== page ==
The sport is about a driver's ability and this will never have anything to do with their race or skin colorReport: Anti-racism campaign in Formula 1 Apr 25, 2008
For the first time in the history of Formula One in the United States, a world-class facility will be purpose-built to host the eventAustin, Texas, to host Formula One racing May 25, 2010
Bernard Charles "Bernie" Ecclestone (born 28 October 1930) is a British billionaire sports entrepreneur, as president and CEO of Formula One Management and Formula One Administration and through his part-ownership of Alpha Prema, the parent company of the Formula One Group of companies. As such, he is generally considered the primary authority in Formula One racing. He is most commonly addressed in tabloid journalism as "F1 Supremo". His early involvement in the sport was as a competitor and then as a manager of drivers Stuart Lewis-Evans and Jochen Rindt. In 1972 he bought the Brabham team, which he ran for fifteen years. As a team owner he became a member of the Formula One Constructors Association. His control of the sport, which grew from his pioneering the sale of television rights in the late 1970s, is chiefly financial, but under the terms of the Concorde Agreement he and his companies also manage the administration, setup and logistics of each Formula One grand prix. Ecclestone attempted to compete in two Grand Prix races during the 1958 season but failed to qualify for either of them.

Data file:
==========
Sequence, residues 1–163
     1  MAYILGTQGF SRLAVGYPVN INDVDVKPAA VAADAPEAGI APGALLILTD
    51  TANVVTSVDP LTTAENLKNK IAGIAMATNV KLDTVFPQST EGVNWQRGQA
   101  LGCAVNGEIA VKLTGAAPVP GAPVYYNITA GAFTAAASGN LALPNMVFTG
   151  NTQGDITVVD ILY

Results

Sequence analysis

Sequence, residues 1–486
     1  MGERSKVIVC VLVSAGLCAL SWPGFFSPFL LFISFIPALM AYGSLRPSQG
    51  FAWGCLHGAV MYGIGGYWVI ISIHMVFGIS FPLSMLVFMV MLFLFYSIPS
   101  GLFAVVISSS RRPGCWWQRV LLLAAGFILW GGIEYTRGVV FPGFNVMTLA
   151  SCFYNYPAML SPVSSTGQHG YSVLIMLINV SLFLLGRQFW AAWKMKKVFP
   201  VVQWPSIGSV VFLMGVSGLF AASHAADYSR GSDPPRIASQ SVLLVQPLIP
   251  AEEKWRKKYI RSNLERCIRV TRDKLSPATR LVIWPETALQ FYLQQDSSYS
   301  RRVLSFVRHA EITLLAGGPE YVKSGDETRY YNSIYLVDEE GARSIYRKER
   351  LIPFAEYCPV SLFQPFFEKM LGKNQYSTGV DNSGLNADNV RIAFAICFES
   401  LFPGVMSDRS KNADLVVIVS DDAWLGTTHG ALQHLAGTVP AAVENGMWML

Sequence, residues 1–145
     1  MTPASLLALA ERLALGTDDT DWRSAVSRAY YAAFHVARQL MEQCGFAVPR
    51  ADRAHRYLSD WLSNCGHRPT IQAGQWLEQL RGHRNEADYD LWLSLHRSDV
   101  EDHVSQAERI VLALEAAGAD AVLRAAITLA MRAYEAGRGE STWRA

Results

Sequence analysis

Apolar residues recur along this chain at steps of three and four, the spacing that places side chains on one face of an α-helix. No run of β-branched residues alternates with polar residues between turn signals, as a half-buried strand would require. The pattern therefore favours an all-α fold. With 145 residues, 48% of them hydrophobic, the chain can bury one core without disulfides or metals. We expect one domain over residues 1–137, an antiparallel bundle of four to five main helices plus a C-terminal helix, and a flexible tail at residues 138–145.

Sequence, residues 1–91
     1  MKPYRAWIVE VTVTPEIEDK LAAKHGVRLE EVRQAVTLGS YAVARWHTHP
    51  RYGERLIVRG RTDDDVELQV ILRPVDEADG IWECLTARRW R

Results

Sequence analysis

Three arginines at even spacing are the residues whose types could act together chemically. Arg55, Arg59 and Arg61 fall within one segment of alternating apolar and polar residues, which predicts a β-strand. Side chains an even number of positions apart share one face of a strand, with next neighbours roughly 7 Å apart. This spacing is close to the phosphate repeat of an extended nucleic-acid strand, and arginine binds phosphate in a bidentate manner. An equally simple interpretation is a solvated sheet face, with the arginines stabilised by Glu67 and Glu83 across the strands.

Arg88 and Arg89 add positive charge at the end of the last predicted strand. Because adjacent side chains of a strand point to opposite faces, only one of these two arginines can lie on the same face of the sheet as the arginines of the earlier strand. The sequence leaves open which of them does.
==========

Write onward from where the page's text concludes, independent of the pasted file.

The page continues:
He is also the co-owner of Queens Park Rangers Football Club.
Ecclestone was born in St Peter South Elmham, a small hamlet three miles south of Bungay, Suffolk. Shortly thereafter his family moved to Bexleyheath, Kent, now a part of Greater London, and Ecclestone left school at the age of 16 to work at the local gasworks, and to pursue his hobby of motorcycles. Immediately after the end of World War II, Ecclestone went into business trading in spare parts for motorcycles, and formed the Compton & Ecclestone motorcycle dealership with Fred Compton. His first racing experience came in 1949 in the 500cc Formula 3 Series, acquiring a Cooper Mk V in 1951. He only drove a limited number of races, mainly at his local circuit, Brands Hatch but achieved a number of good placings and an occasional win. His aspirations took a knock when he collided with Bill Whitehouse and landed in the car park on the outside of the track. Eventually, commercial pressures and the risks persuaded him to retire from the cockpit.